A U.S. oil-producing region is leaking twice as much methane as once thought

oil storage tanks in Pecos, Texas

More than twice as much methane is leaking from an oil- and gas-producing region called the Permian Basin than previously thought, satellite data show. Large amounts of venting and flaring (shown here at Pecos, Texas, oil field storage tanks), or burning off of methane during production and transportation, may be to blame.

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Satellite data show that more than twice as much methane is leaking from a vast U.S. oil- and natural gas-producing region than previously estimated. From May 2018 to March 2019, a European Space Agency satellite measured an average of 2.7 teragrams of methane emitted each year from the Permian Basin, which spans more than 160,000 square kilometers in western Texas and southeastern New Mexico. Previously, ground-based estimates of the methane leaked from the region’s oil and gas activities were about 1.2 teragrams per year.

The new estimate represents 3.7 percent of the total volume of natural gas being extracted from the Permian Basin, say Yuzhong Zhang, an atmospheric scientist at Harvard University, and colleagues. Such a leakage rate is 60 percent higher than the national average, and is also the highest rate ever measured from a U.S. oil- and gas-producing region, the team reports April 22 in Science Advances.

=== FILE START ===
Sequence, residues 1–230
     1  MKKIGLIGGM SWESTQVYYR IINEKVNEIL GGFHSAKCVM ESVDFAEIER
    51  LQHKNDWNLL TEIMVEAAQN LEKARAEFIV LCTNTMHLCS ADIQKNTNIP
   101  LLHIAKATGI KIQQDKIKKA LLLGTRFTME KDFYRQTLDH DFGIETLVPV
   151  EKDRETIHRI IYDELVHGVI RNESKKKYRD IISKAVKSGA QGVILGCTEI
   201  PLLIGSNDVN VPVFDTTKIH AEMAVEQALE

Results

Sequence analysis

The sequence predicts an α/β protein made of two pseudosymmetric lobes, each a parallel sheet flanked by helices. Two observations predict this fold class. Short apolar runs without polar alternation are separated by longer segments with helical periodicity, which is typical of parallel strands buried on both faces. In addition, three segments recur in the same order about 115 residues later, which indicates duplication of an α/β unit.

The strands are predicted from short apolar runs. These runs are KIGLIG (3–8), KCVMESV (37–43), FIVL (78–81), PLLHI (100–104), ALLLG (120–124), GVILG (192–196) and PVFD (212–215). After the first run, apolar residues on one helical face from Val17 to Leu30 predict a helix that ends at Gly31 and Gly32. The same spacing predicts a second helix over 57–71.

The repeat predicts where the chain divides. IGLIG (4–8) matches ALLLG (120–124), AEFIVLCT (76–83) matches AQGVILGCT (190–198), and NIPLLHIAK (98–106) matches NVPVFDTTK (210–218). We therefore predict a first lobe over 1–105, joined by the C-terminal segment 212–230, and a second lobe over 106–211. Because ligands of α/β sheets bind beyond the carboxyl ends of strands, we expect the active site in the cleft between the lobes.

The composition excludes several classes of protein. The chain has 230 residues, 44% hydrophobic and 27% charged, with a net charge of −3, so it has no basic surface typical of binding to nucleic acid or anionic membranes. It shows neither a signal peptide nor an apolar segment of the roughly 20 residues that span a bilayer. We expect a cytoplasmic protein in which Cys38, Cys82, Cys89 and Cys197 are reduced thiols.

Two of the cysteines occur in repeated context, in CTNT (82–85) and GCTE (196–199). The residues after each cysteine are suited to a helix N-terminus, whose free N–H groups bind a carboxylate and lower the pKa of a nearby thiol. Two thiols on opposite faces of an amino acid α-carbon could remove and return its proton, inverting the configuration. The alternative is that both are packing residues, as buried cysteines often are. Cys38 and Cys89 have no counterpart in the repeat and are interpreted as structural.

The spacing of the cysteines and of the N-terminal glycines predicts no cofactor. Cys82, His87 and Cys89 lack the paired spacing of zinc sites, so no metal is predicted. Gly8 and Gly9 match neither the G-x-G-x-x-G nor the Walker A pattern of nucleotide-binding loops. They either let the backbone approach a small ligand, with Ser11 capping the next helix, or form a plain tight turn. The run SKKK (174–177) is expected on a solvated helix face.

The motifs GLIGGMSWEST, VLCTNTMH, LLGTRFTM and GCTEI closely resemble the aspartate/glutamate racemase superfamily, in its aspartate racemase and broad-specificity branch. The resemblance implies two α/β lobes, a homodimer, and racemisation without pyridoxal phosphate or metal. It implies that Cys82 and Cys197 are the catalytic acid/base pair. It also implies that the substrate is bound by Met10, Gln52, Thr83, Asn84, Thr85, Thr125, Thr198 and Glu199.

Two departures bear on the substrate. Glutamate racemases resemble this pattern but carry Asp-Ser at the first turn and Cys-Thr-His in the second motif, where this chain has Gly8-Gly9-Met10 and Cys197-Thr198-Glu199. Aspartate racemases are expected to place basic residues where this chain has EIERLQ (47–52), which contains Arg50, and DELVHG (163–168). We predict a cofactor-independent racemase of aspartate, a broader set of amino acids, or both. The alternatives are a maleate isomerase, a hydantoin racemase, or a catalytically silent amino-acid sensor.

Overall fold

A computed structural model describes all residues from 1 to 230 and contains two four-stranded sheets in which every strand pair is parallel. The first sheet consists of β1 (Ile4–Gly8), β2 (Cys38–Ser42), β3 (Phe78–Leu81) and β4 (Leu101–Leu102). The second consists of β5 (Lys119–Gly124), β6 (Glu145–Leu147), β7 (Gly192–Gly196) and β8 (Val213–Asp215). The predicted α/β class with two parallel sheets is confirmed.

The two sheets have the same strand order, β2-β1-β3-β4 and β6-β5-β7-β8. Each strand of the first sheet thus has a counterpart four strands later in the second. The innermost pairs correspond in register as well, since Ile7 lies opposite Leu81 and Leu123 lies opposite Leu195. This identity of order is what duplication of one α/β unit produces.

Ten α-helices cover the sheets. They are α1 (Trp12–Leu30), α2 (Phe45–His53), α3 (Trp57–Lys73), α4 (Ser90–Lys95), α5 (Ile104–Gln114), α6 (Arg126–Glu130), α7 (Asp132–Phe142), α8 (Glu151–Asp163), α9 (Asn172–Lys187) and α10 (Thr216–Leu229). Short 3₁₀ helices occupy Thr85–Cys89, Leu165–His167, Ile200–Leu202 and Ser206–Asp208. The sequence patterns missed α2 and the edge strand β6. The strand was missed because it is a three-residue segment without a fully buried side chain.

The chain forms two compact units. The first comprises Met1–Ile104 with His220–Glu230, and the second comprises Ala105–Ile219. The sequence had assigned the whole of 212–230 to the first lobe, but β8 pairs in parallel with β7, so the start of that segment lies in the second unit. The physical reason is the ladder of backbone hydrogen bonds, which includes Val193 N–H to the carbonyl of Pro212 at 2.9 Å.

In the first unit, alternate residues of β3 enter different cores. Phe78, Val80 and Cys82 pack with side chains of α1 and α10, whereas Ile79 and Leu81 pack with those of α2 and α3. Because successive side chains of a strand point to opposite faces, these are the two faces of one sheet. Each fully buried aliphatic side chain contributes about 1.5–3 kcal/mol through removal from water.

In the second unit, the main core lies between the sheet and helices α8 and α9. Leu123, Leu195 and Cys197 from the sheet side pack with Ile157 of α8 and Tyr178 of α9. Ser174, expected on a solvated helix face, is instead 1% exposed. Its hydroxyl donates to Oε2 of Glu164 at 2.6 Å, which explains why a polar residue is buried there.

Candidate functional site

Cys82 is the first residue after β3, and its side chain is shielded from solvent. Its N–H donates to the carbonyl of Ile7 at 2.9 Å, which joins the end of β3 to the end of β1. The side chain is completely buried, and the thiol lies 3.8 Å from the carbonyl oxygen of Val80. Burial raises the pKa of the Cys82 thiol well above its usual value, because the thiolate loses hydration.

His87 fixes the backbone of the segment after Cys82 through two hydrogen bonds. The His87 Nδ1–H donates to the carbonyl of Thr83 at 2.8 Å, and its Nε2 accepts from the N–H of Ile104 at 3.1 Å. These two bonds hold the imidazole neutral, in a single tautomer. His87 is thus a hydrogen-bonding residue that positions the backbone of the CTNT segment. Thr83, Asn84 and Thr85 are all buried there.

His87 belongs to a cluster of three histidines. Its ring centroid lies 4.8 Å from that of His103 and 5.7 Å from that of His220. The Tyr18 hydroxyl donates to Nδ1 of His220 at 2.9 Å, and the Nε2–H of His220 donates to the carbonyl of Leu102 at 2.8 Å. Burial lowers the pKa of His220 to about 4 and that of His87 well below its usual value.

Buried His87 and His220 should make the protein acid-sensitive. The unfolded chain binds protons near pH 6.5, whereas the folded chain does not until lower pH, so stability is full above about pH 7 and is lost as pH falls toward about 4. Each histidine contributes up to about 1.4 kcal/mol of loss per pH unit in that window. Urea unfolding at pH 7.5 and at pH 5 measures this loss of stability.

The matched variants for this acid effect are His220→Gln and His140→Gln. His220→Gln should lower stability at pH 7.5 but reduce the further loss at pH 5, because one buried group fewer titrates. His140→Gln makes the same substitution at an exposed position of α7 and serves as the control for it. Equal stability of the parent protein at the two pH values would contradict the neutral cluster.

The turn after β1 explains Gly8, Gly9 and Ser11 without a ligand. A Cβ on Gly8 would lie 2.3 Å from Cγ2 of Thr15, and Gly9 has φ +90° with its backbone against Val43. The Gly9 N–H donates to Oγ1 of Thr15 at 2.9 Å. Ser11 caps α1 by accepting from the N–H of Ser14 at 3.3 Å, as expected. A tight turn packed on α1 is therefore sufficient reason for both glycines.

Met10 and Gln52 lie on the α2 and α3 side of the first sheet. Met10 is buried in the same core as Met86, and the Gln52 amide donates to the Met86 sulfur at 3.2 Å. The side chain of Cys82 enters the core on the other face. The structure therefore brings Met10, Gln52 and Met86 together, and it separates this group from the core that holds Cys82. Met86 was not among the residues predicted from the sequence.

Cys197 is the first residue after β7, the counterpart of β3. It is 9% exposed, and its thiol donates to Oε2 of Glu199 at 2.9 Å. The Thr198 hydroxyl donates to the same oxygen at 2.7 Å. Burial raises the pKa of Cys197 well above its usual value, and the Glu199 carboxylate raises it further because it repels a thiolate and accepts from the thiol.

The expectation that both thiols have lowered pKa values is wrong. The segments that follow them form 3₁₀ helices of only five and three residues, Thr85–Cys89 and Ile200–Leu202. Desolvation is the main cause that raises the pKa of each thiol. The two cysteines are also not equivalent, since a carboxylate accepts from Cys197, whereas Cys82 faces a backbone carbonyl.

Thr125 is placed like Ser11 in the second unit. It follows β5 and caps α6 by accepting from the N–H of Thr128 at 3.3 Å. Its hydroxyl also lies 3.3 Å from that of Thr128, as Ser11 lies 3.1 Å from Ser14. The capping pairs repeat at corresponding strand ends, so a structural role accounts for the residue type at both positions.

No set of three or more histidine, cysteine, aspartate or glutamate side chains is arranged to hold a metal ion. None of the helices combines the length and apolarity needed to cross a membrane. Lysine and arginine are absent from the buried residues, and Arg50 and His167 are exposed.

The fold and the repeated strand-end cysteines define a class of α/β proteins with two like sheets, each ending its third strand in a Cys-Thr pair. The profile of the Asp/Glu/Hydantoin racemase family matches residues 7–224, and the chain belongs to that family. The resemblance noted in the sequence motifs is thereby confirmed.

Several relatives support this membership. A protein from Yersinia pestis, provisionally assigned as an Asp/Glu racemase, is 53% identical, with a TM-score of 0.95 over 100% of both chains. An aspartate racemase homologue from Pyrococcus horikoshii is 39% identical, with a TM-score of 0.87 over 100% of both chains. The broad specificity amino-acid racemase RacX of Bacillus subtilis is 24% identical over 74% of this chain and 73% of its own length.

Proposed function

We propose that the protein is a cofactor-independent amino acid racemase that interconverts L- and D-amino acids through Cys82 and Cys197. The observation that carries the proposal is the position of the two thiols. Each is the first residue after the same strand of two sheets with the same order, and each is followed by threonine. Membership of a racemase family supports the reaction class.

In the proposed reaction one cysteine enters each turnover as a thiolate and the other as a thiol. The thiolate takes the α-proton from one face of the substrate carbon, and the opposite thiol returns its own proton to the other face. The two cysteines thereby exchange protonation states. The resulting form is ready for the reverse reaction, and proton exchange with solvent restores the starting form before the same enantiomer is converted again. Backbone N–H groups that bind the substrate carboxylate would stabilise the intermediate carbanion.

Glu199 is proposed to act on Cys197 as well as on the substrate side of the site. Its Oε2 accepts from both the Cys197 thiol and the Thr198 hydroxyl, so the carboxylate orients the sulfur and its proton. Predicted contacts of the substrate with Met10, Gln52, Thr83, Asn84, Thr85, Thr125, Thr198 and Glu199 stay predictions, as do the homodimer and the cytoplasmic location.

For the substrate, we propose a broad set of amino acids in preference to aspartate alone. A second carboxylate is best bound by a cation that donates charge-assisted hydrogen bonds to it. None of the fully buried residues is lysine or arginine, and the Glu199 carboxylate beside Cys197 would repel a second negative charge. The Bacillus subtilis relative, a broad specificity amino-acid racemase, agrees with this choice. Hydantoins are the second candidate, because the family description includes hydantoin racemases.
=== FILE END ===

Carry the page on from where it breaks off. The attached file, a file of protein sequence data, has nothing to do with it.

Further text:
Production in the Permian Basin has skyrocketed in the last decade; the region now accounts for about 30 percent of U.S. oil production, and about 10 percent of its natural gas. This growth may be exceeding the ability of the existing infrastructure in the region to contain and transport the gas, leading to extensive venting and flaring. That could be to blame for the high leakage rate, the researchers say.

Methane is a powerful greenhouse gas, although it lingers in the atmosphere only for a decade or two (SN: 2/19/20). During that time period, it has about 80 times the atmosphere-warming potential of longer-lived carbon dioxide. Identifying and accurately quantifying very large methane emissions from human activities, such as the fossil fuel industry and landfills, is crucial to curbing climate change (SN: 11/14/19).

This study demonstrates the ability of a new satellite sensor, the Tropospheric Monitoring Instrument, or TROPOMI, to map atmospheric methane emissions from a region; in the future, satellites could help quantify methane leaked from many source regions around the globe, the researchers say.

Carolyn Gramling is the earth & climate writer. She has bachelor’s degrees in geology and European history and a Ph.D. in marine geochemistry from MIT and the Woods Hole Oceanographic Institution.

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